This timely book examines the authorization of Shari'ah-compliant intermediaries as either credit institutions or as investment companies in the European Union.
The contributing authors explore the key topics of this area through differing yet parallel perspectives - for example, comparing economic and legal standpoints, looking at both European and national levels and considering both academic and technical approaches. The book discusses the common origin of Islamic and Western traditions in commercial and banking transactions, reviewing a period in which the Italian merchants and their organizations drove the rebirth of post-medieval society in trade and law. The editors investigate whether the Islamic banking and financial model complies with the European framework, spelling out the different experiences in single Member States (Germany, France, Italy, and the United Kingdom). Notwithstanding the obstacles to being authorized as domestic credit institutions, they conclude that the access of Islamic intermediaries is suitable and may have positive effects on European integration, as well as increasing the competition among the stand-still operators and evoking the ethical dimension of banking and finance. The book also highlights how Islamic banking would make the industry more inclusive.
This multidisciplinary book will appeal greatly to economics and legal scholars with an interest in European and international banking and financial law, as well as postgraduate students in international law and banking law. Practitioners and regulators will also find this book an invaluable resource.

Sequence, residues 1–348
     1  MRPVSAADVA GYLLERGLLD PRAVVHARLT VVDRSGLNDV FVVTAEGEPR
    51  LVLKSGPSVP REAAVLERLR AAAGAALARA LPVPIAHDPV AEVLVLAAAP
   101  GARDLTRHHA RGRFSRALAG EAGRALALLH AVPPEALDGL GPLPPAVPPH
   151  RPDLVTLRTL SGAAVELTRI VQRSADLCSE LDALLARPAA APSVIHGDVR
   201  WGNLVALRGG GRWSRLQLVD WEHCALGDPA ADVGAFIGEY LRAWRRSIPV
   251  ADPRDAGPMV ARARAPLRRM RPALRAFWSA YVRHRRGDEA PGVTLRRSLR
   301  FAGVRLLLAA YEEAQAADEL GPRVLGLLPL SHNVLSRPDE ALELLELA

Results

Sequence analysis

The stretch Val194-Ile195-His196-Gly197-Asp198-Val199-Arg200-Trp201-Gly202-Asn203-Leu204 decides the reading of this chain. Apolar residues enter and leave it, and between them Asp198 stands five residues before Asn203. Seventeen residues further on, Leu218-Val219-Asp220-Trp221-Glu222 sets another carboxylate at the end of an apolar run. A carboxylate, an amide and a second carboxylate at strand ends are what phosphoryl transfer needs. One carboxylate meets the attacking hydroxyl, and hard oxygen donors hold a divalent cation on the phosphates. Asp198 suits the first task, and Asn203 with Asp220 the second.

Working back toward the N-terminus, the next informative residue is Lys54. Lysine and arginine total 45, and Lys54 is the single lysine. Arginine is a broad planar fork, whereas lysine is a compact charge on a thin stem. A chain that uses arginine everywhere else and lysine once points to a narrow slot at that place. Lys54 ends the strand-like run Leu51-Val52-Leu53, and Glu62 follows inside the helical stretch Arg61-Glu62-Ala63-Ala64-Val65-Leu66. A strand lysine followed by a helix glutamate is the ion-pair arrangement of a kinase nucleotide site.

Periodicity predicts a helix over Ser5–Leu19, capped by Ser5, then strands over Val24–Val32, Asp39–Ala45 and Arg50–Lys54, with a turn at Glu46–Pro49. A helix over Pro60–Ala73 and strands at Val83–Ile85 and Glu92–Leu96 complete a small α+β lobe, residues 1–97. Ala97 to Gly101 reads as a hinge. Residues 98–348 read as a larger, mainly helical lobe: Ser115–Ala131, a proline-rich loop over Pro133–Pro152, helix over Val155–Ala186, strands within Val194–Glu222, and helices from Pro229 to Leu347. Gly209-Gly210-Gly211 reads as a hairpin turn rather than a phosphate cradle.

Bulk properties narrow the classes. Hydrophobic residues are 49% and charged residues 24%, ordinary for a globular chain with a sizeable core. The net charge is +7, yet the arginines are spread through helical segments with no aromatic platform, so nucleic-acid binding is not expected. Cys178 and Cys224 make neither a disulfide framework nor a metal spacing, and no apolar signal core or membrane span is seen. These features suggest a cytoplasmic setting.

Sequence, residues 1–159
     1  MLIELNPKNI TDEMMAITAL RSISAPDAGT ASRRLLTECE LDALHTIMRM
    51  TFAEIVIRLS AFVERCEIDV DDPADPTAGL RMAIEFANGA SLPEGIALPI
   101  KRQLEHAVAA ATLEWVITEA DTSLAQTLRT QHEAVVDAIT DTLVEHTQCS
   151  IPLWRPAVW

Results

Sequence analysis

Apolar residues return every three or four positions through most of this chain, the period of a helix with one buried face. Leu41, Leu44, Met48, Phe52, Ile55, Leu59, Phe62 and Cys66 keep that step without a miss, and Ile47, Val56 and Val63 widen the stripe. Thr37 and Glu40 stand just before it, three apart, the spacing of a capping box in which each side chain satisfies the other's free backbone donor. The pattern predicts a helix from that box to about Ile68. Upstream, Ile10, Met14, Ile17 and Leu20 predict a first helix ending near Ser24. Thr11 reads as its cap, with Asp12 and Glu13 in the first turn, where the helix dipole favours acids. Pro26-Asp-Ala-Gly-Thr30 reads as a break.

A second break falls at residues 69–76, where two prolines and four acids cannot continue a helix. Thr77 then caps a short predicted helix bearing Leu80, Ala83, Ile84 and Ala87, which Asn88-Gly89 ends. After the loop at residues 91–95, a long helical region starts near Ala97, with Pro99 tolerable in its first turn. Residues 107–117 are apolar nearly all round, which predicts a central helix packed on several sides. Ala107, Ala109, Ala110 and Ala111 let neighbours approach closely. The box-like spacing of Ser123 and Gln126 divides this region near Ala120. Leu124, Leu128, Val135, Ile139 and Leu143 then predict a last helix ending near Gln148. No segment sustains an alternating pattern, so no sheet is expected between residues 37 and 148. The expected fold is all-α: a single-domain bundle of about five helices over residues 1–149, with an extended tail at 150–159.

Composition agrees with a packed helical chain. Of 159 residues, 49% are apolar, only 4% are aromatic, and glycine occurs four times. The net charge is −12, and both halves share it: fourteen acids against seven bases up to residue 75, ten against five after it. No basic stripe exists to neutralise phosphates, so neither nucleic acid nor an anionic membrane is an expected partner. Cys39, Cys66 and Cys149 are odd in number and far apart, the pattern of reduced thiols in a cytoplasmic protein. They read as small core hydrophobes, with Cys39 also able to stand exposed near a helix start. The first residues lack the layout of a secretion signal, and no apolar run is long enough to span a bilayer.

Edited by M. Fahim Khan, former Chairman, Riphah Centre of Islamic Business, Riphah International University, Islamabad, Pakistan and Mario Porzio, Professor of Banking Law, University of Naples `Federico II', Italy
Contents: Preface Introduction M. Fahim Khan and Mario Porzio PART I: HISTORICAL BACKGROUND 1. From the Poor to the Merchant Umberto Santarelli PART II: ISLAMIC BANKING BUSINESS 2. The Provision and Management of Savings: The Client-Partner Model Gian Maria Piccinelli 3. Islamic Finance: Personal and Enterprise Banking Frank E. Vogel 4. Islamic Banking in Europe: The Regulatory Challenge M. Fahim Khan 5. Islamic Finance and Ethical Investments: Some Points of Reconsideration Valentino Cattelan PART III: THE CHALLENGE 6. Islamic Banking versus Conventional Banking Claudio Porzio 7. Islamic Banking: A Challenge for the Basel Capital Accord Elisabetta Montanaro 8. Investing with Values: Ethical Investment versus Islamic Investment Celia de Anca 9. Islamic Banking and the `Duty of Accommodation' Gabriella Gimigliano 10. The Remuneration of Sight Accounts and the Feasible Competition between Islamic and Western Systems Gennaro Rotondo PART IV: RESPONSE FROM THE EUROPEAN COUNTRIES: ENGLISH, FRENCH, GERMAN AND ITALIAN EXPERIENCES 11. The French Licensing Authority Faced with the Globalisation of Islamic Finance: A Flexible Position Christophe Arnaud 12. German Banking Supervision and its Relationship to Islamic Banks Johannes Engels 13. Islamic Banking and Prudential Supervision in Italy Luigi Donato and Maria Alessandra Freni 14. Islamic Banking: Impression of an Italian Jurist Pietro Abbadessa 15. Islamic Banking in the United Kingdom Rodney Wilson 16. The Riba Prohibition and Payment Institutions Vittorio Santoro Index